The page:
Berlin was never a favourite destination on my weekend escape list, especially in winter, but as people say – shit happens, and I’m glad it did.
It was a rare occasion of the thirtieth birthday, that made twelve of us come from the east and wild wild west bearing gifts. I was the last one to land and first out the door to the art deco restaurant Nolle hidden in historic railway arches at Friedrichstraße station. The place offers a range of classics as well as traditional menu, like potato soup with slices of sausages, small pork schnitzel, homemade meatball, small grilled sausages on sauerkraut, served with fried potatoes (restaurant’s special) and homemade Berlin style red berry stew with vanilla sauce and a dollop of whipped cream. I challenge you to finish it all. If you do – call me, I might write a separate story on that.
After the dinner we headed straight to jazz and blues bar Yorckschloesschen, located in East Berlin, a hipster part of the city called Kreuzberg, a continuous LSD trip through graffiti covered blocks of flats and warehouses. Don’t be surprised if someone offers you drugs. Don’t buy them, fuck knows what they mix it up with these days, call your dealer or better, as Billy Mack would say: become a pop star, and they give you them for free!
Lame jokes aside, Yorckschloesschen was a well-chosen spot. Tucked further away from the nearest subway station, it is a place known by locals and dedicated music lovers. It’s worth booking a table, as the place gets packed and there is very little space to dance or – as a matter of fact – stand.
New York based Desney Bailey & The Band were warming our reserved table up and were about to kick off when all thirteen of us stormed into the bar with the gust of snow.
Two rooms, food and drinks served late into the night, three people behind the bar and one legendary waitress worth all her tips and a round of applause. None of us sat a minute without a drink. Therefore, when Desney encouraged the audience to dance, we were jolly enough to show off some moves.
Move I did to the overwhelming beats at one of the most legendary clubs – Tresor. This is when I thought to myself: why no one ever sat me down & told me everything about Berlin?
Really, their no fucks given attitude made my knees weak. It was like time travel to good old days London, when Fabric was open and one could smoke indoors, drink beer from a glass bottle and shake it without no sleep for two days, then have a religious experience on Sunday at 93 Feet East.
- I’m in love with you, – I whispered to the cloakroom attendant handing a coat tag, because for that mere second I truly was.
He looked like Berlin: tattooed from head to toe, ripped jeans, sleeveless T-shirt, baseball cap and stretched lobes. Moving to the techno beat, cold and rough as if teenage boy masking his insecurities, but sweet and tender if some affection shown.
However, one foot out the door and the spell of love was long gone and buried deep down in the snow. It was one freezing cold journey back to hotel where I learnt that reading Kindle whiles sipping beer on the 3am tube ride is rather possible and some people manage just fine. Also, I was surprised that even though less frequently than in the daytime, Berlin metro runs at night too.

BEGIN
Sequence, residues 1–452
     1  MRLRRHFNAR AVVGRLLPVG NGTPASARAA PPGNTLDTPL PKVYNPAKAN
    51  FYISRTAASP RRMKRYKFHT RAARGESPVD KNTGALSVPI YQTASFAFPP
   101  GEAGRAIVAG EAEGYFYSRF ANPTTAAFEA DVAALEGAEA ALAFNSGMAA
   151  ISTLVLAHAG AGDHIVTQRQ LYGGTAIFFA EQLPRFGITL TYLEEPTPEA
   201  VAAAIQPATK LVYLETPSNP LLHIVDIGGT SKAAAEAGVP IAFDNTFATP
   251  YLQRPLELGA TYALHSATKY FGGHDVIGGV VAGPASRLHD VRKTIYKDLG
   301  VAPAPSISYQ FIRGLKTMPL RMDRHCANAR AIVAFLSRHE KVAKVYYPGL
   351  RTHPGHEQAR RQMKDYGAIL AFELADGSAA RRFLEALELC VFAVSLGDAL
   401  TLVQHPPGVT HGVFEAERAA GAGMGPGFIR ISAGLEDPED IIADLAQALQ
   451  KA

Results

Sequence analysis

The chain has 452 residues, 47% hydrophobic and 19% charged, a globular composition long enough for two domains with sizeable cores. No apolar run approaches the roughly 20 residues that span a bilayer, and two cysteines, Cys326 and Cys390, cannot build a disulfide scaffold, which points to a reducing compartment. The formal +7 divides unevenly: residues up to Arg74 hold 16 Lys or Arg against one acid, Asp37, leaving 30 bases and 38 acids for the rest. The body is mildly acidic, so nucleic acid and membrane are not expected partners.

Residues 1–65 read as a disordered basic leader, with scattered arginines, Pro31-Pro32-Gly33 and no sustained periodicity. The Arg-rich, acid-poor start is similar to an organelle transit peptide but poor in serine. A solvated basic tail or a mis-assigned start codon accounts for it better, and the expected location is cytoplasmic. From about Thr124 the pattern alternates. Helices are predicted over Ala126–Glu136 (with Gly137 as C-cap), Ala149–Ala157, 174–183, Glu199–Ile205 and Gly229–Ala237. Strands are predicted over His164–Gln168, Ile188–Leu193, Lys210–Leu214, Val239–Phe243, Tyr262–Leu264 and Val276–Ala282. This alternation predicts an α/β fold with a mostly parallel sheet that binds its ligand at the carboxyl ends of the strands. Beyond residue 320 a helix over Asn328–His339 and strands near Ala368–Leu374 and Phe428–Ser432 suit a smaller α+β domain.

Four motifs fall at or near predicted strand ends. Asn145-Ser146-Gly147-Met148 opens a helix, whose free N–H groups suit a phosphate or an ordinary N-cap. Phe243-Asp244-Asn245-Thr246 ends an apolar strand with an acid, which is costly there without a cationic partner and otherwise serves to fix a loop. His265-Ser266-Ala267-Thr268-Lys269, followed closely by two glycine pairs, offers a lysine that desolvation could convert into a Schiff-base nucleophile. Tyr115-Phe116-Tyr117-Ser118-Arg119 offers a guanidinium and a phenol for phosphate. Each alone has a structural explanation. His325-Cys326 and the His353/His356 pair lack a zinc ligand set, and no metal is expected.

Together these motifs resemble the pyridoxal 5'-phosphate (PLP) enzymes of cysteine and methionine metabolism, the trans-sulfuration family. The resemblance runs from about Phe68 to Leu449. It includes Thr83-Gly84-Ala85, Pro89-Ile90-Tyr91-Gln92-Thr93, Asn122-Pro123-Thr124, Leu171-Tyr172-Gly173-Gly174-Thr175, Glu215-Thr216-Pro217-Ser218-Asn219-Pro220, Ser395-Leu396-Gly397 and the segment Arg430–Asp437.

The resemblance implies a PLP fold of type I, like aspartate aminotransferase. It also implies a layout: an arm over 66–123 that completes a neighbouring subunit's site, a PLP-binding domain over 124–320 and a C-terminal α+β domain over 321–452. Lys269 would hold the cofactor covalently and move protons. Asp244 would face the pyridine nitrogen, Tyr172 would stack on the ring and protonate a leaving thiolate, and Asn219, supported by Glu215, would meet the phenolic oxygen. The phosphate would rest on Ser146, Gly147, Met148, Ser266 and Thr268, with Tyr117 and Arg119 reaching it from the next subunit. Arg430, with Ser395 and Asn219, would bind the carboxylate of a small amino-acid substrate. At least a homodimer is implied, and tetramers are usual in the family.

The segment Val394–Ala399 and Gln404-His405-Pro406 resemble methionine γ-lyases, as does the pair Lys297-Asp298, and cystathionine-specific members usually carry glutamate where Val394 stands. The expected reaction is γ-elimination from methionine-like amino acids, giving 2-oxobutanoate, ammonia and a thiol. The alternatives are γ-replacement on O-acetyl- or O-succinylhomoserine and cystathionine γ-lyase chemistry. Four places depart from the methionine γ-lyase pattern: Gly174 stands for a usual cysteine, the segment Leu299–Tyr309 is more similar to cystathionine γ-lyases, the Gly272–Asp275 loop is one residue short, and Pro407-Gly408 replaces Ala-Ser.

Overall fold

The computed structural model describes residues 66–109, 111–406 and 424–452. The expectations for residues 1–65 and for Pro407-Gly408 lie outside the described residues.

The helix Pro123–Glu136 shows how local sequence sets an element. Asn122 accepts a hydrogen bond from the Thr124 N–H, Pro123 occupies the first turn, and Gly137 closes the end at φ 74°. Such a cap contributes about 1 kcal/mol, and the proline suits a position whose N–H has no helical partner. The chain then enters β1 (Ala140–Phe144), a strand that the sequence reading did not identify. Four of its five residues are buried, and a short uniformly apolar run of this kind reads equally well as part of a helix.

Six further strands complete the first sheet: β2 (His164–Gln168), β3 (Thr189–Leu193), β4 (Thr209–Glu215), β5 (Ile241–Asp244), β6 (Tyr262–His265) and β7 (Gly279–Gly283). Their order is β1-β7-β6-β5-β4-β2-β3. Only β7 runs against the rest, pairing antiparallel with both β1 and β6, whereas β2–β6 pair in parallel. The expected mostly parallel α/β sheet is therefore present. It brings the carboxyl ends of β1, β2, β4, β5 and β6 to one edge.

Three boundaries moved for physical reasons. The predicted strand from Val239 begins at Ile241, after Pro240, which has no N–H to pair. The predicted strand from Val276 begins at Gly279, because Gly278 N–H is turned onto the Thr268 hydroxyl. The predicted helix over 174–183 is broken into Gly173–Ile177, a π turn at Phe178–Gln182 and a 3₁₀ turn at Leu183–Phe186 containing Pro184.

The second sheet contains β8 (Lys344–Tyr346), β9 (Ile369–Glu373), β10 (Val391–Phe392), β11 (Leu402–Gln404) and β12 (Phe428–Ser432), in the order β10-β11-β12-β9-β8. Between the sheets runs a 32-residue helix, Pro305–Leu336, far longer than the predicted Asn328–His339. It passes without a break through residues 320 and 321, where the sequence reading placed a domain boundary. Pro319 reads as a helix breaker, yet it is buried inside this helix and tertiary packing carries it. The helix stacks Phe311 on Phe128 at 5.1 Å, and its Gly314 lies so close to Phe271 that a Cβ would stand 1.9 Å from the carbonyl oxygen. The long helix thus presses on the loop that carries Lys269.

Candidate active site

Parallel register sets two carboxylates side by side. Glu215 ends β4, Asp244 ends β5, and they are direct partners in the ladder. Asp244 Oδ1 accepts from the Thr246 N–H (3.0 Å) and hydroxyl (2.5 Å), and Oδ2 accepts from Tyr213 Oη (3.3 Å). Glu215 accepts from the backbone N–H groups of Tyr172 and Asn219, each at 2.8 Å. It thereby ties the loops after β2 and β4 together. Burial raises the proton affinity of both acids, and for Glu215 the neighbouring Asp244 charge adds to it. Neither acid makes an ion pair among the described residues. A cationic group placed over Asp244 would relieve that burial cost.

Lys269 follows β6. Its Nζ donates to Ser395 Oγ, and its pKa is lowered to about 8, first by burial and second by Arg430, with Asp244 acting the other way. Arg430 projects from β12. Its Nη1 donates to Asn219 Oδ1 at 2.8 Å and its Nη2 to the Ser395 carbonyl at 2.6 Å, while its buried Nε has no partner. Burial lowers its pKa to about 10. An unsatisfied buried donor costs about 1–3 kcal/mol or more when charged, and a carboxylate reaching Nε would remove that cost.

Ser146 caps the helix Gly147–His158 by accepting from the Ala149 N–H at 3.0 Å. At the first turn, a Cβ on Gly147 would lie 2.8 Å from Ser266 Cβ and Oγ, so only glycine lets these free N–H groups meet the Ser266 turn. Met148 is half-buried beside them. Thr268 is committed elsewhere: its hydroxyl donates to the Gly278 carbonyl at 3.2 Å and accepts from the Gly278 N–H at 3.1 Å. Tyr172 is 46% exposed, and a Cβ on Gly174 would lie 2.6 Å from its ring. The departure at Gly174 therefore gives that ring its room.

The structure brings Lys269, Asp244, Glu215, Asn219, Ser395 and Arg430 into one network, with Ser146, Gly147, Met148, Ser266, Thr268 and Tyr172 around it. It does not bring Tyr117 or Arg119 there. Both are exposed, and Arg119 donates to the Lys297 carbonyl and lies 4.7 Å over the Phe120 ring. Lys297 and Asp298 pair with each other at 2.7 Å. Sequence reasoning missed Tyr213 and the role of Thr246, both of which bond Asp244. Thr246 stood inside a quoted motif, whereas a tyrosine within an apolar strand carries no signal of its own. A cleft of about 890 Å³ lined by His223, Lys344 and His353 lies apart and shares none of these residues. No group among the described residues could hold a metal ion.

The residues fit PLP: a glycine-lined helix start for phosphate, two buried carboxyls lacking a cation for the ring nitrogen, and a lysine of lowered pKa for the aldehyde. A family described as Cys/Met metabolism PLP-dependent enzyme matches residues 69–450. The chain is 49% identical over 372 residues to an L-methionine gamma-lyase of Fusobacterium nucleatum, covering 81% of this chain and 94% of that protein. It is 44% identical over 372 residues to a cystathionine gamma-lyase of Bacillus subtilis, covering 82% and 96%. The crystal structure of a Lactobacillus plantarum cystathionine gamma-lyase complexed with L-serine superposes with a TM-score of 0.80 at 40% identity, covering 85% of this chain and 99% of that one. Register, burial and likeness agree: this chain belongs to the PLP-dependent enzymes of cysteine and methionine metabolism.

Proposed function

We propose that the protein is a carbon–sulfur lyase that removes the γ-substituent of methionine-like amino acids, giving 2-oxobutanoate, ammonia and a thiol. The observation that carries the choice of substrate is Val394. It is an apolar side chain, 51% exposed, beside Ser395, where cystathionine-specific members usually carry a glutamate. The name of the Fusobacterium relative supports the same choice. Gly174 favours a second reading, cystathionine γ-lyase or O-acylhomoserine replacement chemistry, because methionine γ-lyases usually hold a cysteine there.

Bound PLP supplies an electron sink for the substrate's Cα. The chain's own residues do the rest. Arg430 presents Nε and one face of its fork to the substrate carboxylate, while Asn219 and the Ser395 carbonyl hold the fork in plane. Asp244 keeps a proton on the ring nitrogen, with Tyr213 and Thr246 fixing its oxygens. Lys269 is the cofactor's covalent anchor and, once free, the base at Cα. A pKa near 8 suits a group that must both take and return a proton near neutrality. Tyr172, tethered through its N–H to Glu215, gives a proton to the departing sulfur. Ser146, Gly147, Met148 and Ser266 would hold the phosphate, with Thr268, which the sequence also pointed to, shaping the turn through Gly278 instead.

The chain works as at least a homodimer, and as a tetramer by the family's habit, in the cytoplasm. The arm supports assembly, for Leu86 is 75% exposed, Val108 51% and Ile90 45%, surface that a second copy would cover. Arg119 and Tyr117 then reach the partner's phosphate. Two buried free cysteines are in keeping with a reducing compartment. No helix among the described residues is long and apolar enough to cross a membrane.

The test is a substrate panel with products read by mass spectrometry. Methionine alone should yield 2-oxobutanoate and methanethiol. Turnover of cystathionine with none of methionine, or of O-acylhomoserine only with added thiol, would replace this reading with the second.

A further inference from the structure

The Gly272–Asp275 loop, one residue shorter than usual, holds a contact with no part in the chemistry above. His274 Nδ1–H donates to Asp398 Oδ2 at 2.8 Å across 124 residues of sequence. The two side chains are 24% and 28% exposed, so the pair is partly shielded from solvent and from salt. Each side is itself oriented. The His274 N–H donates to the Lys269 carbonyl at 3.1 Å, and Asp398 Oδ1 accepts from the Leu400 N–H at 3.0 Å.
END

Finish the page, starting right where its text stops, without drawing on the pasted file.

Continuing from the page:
And do not mess with the, so to say, no gates policy, random ticket inspections are rather common and fines are unbelievably high. I advise to get yourself a day ticket for zones A-B for €7 that will last you 24 hours. Also, if you are coming from (or traveling to) Berlin Schönefeld Airport – buy the A-C for €7.4, that will cover your daily voyages as well as your trip to the airport. If you do decide to pay for each of your journeys, get the €2.4 ticket (valid for 2 hours), unless you are only traveling 3 stops, select the short trip ticket for €1.4.
Sunday morning was late and lazy. Sometime around noon we split into little groups and explored the touristic side of the city. I was eager to see the original part of the famous Berlin Wall, around Wallstraße. Since, the Wall is guarded by the fence, all pictures I posed to look like teasers for the new Prison Break season.
Later we circled around searching for a place to grab a bite. None of us was going to settle down for a hotdog on the go, traditional cuisine, a glass of German beer and warm atmosphere was something we all desired. And on the corner of nowhere else to go and all hopes lost we found a giant man dressed in Bavarian Costume waving at us with a salutary pint.
Maximilians restaurant hidden amongst office blocks is a place to visit, if you ever find yourself hungry walking around central Berlin. Fantastic spot to force-intake a bit of culture. Service was classic German, with a twist of European customer service fake. Waiters dressed in Bavarian costumes. Everyone was satisfied with the food choices. I boomeranged myself cutting die wurst, took a couple of pics for Instagram, added a video to My Story and then rose the glass of the divine German beer to this short and entertaining trip.
After the lunch, some more sightseeing followed. Restraining the temptation to see and experience EVERYTHING in three days, I settled with Checkpoint Charlie, Brandenburg Gate, Memorial to the Murdered Jews of Europe, Berliner Fernsehturm and Gendarmenmarkt square.
Monday morning was dedicated to Berlinsche Galerie, The Museum of Modern Art, a cup of black coffee and writing postcards.
The large space and the perfectly balanced exhibition made the experience memorable. Particularly, I enjoyed The Art Show (1963) – one of the major works by Edward Kienholz and Nancy Reddin Kienholz. An art work that these days is hard to find, a vintage piece with right amount of sentiment. Simply beautiful idea, a time machine that takes the participant into the 70s bohemia.
I guess that sort of summarizes Berlin, a right kind of sentiment that applies to everyone, who at least once in a lifetime faced a wall and managed to break it.